The Grand Theft Auto series has never had much of an issue getting its players immersed in its world. In general, Rockstar Games has grown significantly, from the 3D realization of Liberty City in Grand Theft Auto III to the beautiful landscapes of Red Dead Redemption. In Grand Theft Auto V, we see their biggest world with the series’ return to San Andreas. With its litany of enhancements, solid writing, and hours upon hours of gameplay, could we be looking at the best installment of Grand Theft Auto?
What Is It?
Grand Theft Auto V focuses on Los Santos and Blaine Counties, the pseudo-Los Angeles and surrounding Southern California areas. It’s hard to really explain the specifics about Five’s plot without getting into clear spoiler territory, so I’ll keep it basic: your group of experienced criminals targets a series of escalating heists, from boosting cars to knocking off banks. You’ll control three characters: Michael, Franklin and Trevor.
Michael and Trevor are old friends who escaped from a botched heist in dramatically different and separate fashions, though both ended up relocating to San Andreas. Michael’s criminal activity sits relatively dormant until media coverage and a heist to which he couldn’t say no tips Trevor off to his whereabouts.
Franklin is a product of Los Santos’ ghetto, but is looking for higher ways out. He gets mixed up with Michael early on after a failed job. After earning Michael’s trust, he becomes a key part of the criminal trio in the role of some type of golden child/high-level apprentice.
The story occasionally goes over the top, but the mix of realism and insanity is a great blend that mixes perfectly into the GTA world. I’d argue that Five returns to the series’ ridiculous roots, where Grand Theft Auto IV seemed to branch off almost too much into a realistic, drab setting. That’s not to say that the story is perfect. Early on, it’s a bit muddled and the point is neither clear or complex, though it does keep interest. Franklin’s inclusion, while fitting, comes off as a bit of a stretch since it happens a little too easily. Overall, though, it’s an enjoyable setting.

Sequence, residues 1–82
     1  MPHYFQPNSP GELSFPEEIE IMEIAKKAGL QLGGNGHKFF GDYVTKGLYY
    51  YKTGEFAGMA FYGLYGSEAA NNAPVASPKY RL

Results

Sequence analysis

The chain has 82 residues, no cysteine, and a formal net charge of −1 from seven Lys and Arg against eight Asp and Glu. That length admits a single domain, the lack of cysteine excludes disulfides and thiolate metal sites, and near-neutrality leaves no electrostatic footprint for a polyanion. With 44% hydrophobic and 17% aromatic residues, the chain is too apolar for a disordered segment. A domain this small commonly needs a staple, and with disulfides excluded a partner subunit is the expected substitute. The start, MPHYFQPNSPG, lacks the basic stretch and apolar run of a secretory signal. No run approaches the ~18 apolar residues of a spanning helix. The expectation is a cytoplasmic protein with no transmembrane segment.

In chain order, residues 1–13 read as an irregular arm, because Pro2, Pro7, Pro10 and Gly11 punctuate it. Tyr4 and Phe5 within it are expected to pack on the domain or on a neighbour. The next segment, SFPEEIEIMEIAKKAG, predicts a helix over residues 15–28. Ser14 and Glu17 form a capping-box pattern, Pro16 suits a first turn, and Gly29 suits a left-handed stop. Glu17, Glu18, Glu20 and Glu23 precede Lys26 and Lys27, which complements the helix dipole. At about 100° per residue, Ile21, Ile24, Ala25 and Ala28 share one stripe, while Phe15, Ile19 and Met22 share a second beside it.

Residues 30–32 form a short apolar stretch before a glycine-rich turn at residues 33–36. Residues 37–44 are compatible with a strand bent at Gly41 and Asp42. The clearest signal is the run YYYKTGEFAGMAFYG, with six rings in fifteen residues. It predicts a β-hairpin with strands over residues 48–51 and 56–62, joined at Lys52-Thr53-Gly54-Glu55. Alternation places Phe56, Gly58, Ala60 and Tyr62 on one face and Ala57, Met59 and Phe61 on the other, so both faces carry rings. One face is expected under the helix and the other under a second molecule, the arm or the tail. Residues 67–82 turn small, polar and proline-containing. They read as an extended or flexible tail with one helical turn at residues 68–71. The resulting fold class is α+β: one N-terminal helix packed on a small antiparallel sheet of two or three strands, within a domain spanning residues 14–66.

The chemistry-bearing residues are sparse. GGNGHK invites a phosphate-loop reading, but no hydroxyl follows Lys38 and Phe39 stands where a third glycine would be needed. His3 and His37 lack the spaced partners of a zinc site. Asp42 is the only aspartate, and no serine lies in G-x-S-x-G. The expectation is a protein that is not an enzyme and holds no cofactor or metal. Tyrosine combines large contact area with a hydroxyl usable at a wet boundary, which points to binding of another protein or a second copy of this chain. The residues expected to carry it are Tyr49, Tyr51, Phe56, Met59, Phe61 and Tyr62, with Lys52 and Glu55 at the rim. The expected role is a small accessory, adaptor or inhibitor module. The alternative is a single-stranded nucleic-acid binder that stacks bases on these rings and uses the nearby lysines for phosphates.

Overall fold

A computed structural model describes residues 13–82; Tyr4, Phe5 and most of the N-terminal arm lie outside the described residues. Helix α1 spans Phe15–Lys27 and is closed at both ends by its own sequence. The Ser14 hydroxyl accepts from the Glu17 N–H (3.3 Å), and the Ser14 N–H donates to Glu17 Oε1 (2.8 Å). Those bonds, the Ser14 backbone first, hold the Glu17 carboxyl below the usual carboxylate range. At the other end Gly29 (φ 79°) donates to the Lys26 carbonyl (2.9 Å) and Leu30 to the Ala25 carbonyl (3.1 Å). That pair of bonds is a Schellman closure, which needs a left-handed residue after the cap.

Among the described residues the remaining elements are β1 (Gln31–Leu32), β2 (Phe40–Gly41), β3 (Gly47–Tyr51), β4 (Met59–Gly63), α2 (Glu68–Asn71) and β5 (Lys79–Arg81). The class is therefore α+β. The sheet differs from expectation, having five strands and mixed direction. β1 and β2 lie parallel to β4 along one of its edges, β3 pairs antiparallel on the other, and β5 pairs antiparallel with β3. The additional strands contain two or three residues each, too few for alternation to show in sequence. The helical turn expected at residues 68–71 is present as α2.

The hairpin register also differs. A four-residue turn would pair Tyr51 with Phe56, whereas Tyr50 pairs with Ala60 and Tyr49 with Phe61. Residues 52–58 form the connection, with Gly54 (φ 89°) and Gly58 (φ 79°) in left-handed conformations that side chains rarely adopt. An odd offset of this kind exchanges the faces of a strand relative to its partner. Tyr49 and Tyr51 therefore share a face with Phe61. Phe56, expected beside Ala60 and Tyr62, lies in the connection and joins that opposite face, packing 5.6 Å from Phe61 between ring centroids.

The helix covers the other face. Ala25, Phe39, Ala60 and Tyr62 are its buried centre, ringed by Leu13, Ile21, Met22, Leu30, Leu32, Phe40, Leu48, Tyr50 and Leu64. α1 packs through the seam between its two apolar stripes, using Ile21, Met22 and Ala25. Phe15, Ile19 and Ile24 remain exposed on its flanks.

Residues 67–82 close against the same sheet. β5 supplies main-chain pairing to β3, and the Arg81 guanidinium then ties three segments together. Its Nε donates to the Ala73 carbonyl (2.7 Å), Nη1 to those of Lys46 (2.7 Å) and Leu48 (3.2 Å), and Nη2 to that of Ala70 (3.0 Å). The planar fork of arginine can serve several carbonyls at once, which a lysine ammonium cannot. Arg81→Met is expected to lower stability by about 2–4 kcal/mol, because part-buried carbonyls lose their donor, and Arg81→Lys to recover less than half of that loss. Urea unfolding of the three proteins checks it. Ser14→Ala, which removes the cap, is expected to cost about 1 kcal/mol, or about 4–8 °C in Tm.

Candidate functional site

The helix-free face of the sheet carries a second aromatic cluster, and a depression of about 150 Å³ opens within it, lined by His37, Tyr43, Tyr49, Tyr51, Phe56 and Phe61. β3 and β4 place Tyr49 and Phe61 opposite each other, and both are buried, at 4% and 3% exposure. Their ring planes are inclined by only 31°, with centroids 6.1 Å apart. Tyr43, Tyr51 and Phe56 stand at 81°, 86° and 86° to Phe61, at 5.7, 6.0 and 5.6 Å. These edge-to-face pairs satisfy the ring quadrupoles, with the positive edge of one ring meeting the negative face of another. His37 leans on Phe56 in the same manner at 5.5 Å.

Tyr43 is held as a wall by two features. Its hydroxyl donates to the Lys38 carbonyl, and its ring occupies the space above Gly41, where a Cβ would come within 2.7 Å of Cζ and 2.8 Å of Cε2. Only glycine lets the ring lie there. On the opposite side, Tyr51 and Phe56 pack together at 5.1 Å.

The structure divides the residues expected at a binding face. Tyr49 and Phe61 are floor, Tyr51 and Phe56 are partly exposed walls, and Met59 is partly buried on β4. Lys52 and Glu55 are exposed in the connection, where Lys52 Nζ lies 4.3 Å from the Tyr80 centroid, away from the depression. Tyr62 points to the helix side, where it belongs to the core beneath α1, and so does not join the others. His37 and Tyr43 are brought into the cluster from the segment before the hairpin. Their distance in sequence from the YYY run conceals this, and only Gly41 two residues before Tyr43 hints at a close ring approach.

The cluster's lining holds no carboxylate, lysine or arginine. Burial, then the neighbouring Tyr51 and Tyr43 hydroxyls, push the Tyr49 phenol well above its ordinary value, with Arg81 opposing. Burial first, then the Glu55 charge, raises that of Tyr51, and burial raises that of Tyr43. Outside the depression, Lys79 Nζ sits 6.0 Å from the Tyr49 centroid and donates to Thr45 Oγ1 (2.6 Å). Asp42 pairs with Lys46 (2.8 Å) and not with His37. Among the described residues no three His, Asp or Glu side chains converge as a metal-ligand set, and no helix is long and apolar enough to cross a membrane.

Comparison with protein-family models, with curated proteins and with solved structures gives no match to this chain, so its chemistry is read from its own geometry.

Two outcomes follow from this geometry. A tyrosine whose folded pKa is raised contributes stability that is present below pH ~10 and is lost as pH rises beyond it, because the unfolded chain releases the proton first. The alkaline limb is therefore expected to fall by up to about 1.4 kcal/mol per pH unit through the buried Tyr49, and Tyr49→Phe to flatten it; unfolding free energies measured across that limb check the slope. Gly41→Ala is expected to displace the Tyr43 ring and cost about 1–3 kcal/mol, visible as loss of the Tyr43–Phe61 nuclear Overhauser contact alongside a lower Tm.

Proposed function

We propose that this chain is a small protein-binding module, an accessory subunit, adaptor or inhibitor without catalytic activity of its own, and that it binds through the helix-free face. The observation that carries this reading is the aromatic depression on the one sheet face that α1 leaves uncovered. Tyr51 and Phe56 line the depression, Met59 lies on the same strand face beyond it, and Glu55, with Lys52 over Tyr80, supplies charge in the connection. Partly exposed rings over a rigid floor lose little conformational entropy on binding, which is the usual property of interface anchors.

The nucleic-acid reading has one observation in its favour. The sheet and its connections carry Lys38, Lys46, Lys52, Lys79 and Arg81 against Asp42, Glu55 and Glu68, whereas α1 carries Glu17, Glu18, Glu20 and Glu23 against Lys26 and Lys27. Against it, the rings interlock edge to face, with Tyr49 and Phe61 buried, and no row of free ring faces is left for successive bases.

Why Should I Care?
Back in 2008, Grand Theft Auto IV was a solid effort and I personally enjoyed playing through it. However, as touched upon, it took a very serious turn and created a decidedly grey atmosphere. Granted, it was still a GTA game and had its silly moments and Rockstar humor, but it seemed more business-oriented. What GTA V does is find that perfect balance of real and bizarre. There were plenty of times throughout the game that elicited a giddy reaction from the ensuing mayhem. Some moments and requirements were a bit droll and felt like busy work, but the results and the meat of the heists usually provided eye popping “wow” moments via eccentric violence and grandiose actions. It was just incredibly fun to play through.
Using three protagonists is a great move and is executed well. Character development could have suffered, but instead we end up with solid characters who have interesting backgrounds. Their relationships really highlight what makes them who they are. Michael’s outbursts and alcoholism are the result of a dysfunctional family and a useless psychiatrist. Franklin is stuck in the odd position of being “pulled up to the big leagues” of crime but still needing to stay true to his roots, and Trevor is just horribly psychotic and runs with a crew of rednecks. He is also easily the most fun character of the bunch.